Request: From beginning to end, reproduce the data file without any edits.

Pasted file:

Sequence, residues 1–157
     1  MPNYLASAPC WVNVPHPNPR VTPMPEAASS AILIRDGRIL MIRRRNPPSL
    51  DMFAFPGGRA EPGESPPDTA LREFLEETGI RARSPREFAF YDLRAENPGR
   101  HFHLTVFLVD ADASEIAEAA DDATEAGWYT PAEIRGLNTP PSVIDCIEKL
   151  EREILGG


Sequence, residues 1–157
     1  MPNYLASAPC WVNVPHPNPR VTPMPEAASS AILIRDGRIL MIRRRNPPSL
    51  DMFAFPGGRA EPGESPPDTA LREFLEETGI RARSPREFAF YDLRAENPGR
   101  HFHLTVFLVD ADASEIAEAA DDATEAGWYT PAEIRGLNTP PSVIDCIEKL
   151  EREILGG